In this short series, the GR team will reflect on the iconic games of the last decade that meant the most to them, and we're starting with Sam's look back at Dark Souls.
When thinking about games with a pervasive impact on the past decade, it's hard to argue that Dark Souls shouldn't be included in there. FromSoftware's notoriously difficult action-RPG gathered plenty of fans as soon as it was released, spawning imitators, memes, and a taste for brutal experiences, ones that were firm but fair, challenging the player to get better by constantly failing, picking themselves up, and learning from their errors.
There's a reason why "Soulslike" and "the Dark Souls of..." have become popular phrases in the industry, after all. After Dark Souls' success, many other developers tried their hand at making the same type of experience, although none quite hit the same heights as FromSoftware's iconic game. That is, until Bloodborne, but that's a tale for another day.
Technically Dark Souls wasn't entirely revolutionary. Demon's Souls came before it, but that didn't quite resonate with players as much as 2011's Dark Souls did, which refined many of the elements we had already seen. The combat is, of course, the biggest selling point, and there are a few parts to this recipe for success, all of which combine for an engaging experience from the minute-to-minute slaying of grunts right up to the huge bosses that have crushed many a player.
Stamina management is what the entire combat system revolves around. The tiny green bar at the top left of your screen is the most important factor to remember in combat, since when that runs out you're unable to attack and, most importantly, dodge. Get too greedy with strikes and you can leave yourself vulnerable, and so great care has to be taken balancing attack and defence to ensure you can strike that killer blow, especially in boss fights where one hit can take you down.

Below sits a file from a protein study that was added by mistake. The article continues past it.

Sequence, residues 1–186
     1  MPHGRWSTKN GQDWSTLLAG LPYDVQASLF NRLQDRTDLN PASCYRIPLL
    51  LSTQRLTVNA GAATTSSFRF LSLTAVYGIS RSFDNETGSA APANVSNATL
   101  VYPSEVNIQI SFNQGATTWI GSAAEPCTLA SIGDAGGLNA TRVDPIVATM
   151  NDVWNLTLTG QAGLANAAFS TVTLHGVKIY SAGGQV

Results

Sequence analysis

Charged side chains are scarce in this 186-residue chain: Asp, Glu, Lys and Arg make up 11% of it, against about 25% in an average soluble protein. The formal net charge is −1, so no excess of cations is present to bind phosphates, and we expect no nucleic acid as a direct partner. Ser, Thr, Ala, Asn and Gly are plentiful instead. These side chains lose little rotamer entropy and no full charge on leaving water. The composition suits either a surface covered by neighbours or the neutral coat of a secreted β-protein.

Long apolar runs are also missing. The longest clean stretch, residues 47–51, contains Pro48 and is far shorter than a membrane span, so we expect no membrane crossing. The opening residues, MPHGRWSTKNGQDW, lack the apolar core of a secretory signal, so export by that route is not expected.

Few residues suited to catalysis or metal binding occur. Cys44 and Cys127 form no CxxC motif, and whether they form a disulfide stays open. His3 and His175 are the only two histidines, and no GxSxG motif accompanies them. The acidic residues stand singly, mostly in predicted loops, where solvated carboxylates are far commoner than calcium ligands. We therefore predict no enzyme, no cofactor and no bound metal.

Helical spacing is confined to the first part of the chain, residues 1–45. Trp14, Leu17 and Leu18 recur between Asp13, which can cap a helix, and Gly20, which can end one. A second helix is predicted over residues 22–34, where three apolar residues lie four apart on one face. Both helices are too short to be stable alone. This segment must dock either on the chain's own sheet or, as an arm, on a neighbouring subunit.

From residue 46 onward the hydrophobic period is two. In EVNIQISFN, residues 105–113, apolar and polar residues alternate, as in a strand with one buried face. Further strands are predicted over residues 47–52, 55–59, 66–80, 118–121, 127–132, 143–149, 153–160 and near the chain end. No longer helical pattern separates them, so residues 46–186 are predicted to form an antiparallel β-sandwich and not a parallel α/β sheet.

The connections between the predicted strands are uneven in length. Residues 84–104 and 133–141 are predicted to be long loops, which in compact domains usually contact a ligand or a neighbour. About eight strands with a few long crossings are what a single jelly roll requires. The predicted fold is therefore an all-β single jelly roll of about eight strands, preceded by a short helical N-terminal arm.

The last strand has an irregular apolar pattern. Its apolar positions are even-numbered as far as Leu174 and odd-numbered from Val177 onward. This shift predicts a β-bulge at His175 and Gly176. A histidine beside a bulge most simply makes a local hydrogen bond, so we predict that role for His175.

This is one of the core elements that others have tried to imitate, but this works with all the other intricate aspects of Dark Souls like a beautiful clockwork contraption. Two other important elements are the lengthy catalogue of items to help you, from firebombs to moss that can cure poison, as well as the depth of upgrades, with the player able to spend Souls either on items from vendors or boosts for various attributes at bonfires, the regular checkpoints of the game.
Souls are another core element, and again these can determine life or death. They are earned by defeating enemies or bosses, but a little like a roguelike, these can be lost on death. Only by going back to the place you died can you recover the Souls, and once again this is a reason why Dark Souls puts a high price on carelessness since many a warrior has tried to rush and recover Souls, only to die again and lose them all.
Speaking of roguelikes, Dark Souls is, in a sense, a mashup of genres, but unlike a Frankenstein's Monster, it ends up taking the best ideas from elsewhere and fuses them into an interesting gameplay experience. In a sense it's a 3D Metroidvania as well, with some of the best environmental design of the last decade, forcing you to backtrack, uncover hidden pathways, open up shortcuts, and discover more of this vast world, all of which makes you feel tiny among the huge, ominous structures and scenery.